bne IntelliNews -
Russian natural gas giant Gazprom has pushed back the deadline for launching the first stage of the Turkish Stream pipeline by one year to the end of 2017, the company's deputy chairman Alexander Medvedev said on October 7, a day after the company announced that the project's pumping capacity will now be halved.
"Nothing terrible" would result from the postponement, which was only due to the delay in signing the relevant contracts with the Turkish government, Reuters quoted Medvedev as telling journalists in Moscow in the latest blow to the faltering project.
A day earlier, Gazprom CEO Alexey Miller said the company would cut the planned capacity of the pipeline from Russia to Turkey from 63bn cubic metres (bcm) to 32bcm annually. Speaking at an industry conference, the Gazprom chief stressed that "political factors" were not influencing the work on the pipeline and that the reduction in its scope was due to the recently agreed expansion of the existing Baltic Sea Nord Stream pipeline route to Germany.
However, relations with Turkey have grown markedly tenser since Russian military jets on September 30 started bombing rebel and Islamic State (IS) forces in Syria in support of President Bashar al-Assad. Syria is a pro-Russian stronghold in the Middle East and Damascus a major buyer of Russian military hardware.
Since the bombardments started, the Russian ambassador in Ankara was reportedly summoned twice over Turkish airspace violations by Russian military jets. On October 6, Turkish President Recep Tayyip Erdogan said in Brussels that Russia could "lose a friend" in Turkey, revealing frustration over Russia's actions in recent days.
But even before Russia's Syrian campaign began following President Vladimir Putin's UN General Assembly address on September 29, Turkish Stream was facing delays and uncertainties.
The pipeline was originally seen as a way of piping Russian gas to the EU fontier, where it would be purchased and relayed by the buyers to its destination via a large hub on the Greece-Turkey border. With an estimated price tag of €11.4bn, the originally four-strand pipeline was due to carry a total of 63bcm of gas per year to southern Europe via those two countries by 2020, replacing the planned South Stream pipeline that was scrapped last December amid the plummet in relations with the EU over Ukraine.
However, with still no agreement on the terms with Turkey in place, Russian officials say that even one strand of the pipeline would satisfy Turkey's domestic demand for gas.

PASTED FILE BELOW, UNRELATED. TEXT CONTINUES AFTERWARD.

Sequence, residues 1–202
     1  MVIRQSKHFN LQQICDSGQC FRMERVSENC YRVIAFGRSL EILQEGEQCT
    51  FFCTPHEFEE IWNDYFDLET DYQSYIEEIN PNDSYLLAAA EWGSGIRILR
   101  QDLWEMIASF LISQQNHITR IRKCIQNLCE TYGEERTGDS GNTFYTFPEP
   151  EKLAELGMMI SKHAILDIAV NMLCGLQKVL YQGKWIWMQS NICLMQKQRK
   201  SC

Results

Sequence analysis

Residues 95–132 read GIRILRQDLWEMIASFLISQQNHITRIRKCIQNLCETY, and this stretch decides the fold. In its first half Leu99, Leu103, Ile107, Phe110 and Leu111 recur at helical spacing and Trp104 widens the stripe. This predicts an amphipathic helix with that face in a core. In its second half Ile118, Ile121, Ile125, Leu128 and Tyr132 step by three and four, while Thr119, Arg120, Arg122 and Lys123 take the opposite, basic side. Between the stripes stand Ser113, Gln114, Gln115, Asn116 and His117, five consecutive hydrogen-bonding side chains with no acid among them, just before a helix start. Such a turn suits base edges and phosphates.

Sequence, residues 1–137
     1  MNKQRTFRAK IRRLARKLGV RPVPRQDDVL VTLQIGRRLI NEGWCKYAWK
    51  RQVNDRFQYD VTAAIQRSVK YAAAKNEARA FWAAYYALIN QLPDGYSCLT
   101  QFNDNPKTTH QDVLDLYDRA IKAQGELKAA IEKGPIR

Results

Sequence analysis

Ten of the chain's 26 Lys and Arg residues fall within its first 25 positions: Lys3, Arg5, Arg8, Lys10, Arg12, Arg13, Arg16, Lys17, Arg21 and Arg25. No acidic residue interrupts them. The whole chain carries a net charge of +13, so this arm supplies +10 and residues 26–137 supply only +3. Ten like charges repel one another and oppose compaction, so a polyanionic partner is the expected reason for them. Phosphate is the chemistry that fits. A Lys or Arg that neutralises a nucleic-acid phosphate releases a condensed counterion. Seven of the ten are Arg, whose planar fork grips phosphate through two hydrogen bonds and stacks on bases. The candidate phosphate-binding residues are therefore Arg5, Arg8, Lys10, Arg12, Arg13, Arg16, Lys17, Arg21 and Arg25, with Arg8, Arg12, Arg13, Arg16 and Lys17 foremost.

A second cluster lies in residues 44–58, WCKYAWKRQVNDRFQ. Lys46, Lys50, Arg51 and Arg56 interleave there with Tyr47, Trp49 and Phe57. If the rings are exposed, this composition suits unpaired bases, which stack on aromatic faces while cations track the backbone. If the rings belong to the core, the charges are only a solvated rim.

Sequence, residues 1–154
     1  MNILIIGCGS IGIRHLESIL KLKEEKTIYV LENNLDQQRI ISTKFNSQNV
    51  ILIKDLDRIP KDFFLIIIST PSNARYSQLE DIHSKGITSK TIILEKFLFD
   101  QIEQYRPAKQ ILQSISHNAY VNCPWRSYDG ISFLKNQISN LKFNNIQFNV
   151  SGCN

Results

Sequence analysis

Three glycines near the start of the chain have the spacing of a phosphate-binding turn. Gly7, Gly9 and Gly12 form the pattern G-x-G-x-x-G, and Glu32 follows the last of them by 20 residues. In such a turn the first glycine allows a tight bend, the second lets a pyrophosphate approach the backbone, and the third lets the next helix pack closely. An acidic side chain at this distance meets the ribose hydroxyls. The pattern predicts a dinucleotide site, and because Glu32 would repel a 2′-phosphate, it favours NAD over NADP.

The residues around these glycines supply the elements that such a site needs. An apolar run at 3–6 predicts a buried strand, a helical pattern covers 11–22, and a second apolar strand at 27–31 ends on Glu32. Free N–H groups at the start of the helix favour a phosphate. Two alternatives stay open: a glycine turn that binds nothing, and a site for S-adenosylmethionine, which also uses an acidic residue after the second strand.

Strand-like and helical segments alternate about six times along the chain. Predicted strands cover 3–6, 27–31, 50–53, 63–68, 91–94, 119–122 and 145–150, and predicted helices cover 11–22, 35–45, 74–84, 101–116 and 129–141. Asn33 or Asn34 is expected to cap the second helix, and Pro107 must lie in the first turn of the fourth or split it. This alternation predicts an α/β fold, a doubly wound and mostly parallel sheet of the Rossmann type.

Russian Energy Minister Alexander Novak said in September that he did not expect an intergovernmental deal on the pipeline to be signed before the formation of a new Turkish government. However, recent surveys have suggested that Turkey's snap elections in November would produce a yet another hung parliament.
Alfa Bank analysts described the Russian decision as "sensible and timely": "As Nord Stream-2 would make the entire 63bcm capacity of Turkish Stream redundant, and given Turkey’s political turmoil (with Parliament unable to form a coalition government and new elections set to be held soon), it is unlikely that talks would have been able to progress," Alfa wrote in an October 7 note to clients.
Nord Stream-2 tender in the pipeline
Gazprom's deputy chaiman Medvedev said the company will in 2016 choose a contractor for the Nord Stream-2 pipeline, which is is due to start operations by the end of 2019.
"We are within the schedule," Medvedev said in remark reported by TASS news agency. "Next year we will hold a tender among pipe-layers," he said. Pipes for Nord Stream-2 project are estimated to cost Gazprom at least €2.6bn, according to earlier reports.
With a capacity of 55bcm, Nord Stream 2 will run from Russia to Germany under the Baltic Sea, reaching land also at the German hub of Greifswald like the first Nord Stream pipeline launched in 2011.
The project will be implemented by the joint project company New European Pipeline, in which Gazprom will hold 51%, E.ON, Shell, OMV and BASF/Wintershall 10% each, and Engie - 9%.
Gazprom currently supplies around a third of the EU's gas, and approximately half of this is piped through Ukraine’s territory. Because of the second northern pipeline, "Ukraine will lose the opportunity to pump around 140bn cubic metres a year of Russian gas to Europe, which would mean losing $2bn in revenue per year", Ukrainian Prime Minister Arseny Yatsenyuk said in September after the Nord Stream 2 deal was clinched.
Other gas transit countries Poland and Slovakia also condemned the deal, with Slovakian Prime Minister Robert Fico branding it a "betrayal" that would cost his country and Ukraine billions of euros, and which ran against Europe’s official position on Ukraine.
Meanwhile, Nord Stream project's technical director Sergey Serdyukov has said the second pipeline is not subject to European regulation. "European customers will receive gas from European companies, which will solve the problem with the restrictions of the Third Energy Package," he said, referring to the EU legislative package for the internal gas and energy market that entered force in 2009.
A core element of the package is ownership unbundling, which stipulates the separation of companies' generation and sale operations from their transmission networks.
Gazprom has been careful to avoid violating EU energy regulations since it ran foul of anti-trust laws in April, when the EC deemed it was leveraging its market dominance in Central and Eastern Europe to overcharge consumers. The company has sought an "amicable" settlement in a case that could see it fined as much as €11bn.
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